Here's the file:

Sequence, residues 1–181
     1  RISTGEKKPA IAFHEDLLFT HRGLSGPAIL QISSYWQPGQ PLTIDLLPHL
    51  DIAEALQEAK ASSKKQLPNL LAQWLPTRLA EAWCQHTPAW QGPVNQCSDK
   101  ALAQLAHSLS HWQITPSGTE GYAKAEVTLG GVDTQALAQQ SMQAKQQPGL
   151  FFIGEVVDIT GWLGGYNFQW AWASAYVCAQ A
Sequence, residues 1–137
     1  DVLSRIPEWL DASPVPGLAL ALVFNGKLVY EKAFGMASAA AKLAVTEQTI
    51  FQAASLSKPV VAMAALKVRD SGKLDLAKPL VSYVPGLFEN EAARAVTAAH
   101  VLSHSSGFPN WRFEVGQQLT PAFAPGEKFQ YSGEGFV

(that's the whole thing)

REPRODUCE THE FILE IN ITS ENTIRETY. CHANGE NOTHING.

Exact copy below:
Sequence, residues 1–181
     1  RISTGEKKPA IAFHEDLLFT HRGLSGPAIL QISSYWQPGQ PLTIDLLPHL
    51  DIAEALQEAK ASSKKQLPNL LAQWLPTRLA EAWCQHTPAW QGPVNQCSDK
   101  ALAQLAHSLS HWQITPSGTE GYAKAEVTLG GVDTQALAQQ SMQAKQQPGL
   151  FFIGEVVDIT GWLGGYNFQW AWASAYVCAQ A
Sequence, residues 1–137
     1  DVLSRIPEWL DASPVPGLAL ALVFNGKLVY EKAFGMASAA AKLAVTEQTI
    51  FQAASLSKPV VAMAALKVRD SGKLDLAKPL VSYVPGLFEN EAARAVTAAH
   101  VLSHSSGFPN WRFEVGQQLT PAFAPGEKFQ YSGEGFV